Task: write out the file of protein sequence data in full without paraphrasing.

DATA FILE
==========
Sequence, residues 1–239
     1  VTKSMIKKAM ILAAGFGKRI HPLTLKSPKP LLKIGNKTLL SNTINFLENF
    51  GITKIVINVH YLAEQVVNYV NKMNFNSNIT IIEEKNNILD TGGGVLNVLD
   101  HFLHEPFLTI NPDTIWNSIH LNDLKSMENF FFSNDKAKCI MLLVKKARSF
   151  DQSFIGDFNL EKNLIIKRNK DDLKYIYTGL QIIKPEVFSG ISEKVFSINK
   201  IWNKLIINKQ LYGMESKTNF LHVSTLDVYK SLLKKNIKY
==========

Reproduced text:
Sequence, residues 1–239
     1  VTKSMIKKAM ILAAGFGKRI HPLTLKSPKP LLKIGNKTLL SNTINFLENF
    51  GITKIVINVH YLAEQVVNYV NKMNFNSNIT IIEEKNNILD TGGGVLNVLD
   101  HFLHEPFLTI NPDTIWNSIH LNDLKSMENF FFSNDKAKCI MLLVKKARSF
   151  DQSFIGDFNL EKNLIIKRNK DDLKYIYTGL QIIKPEVFSG ISEKVFSINK
   201  IWNKLIINKQ LYGMESKTNF LHVSTLDVYK SLLKKNIKY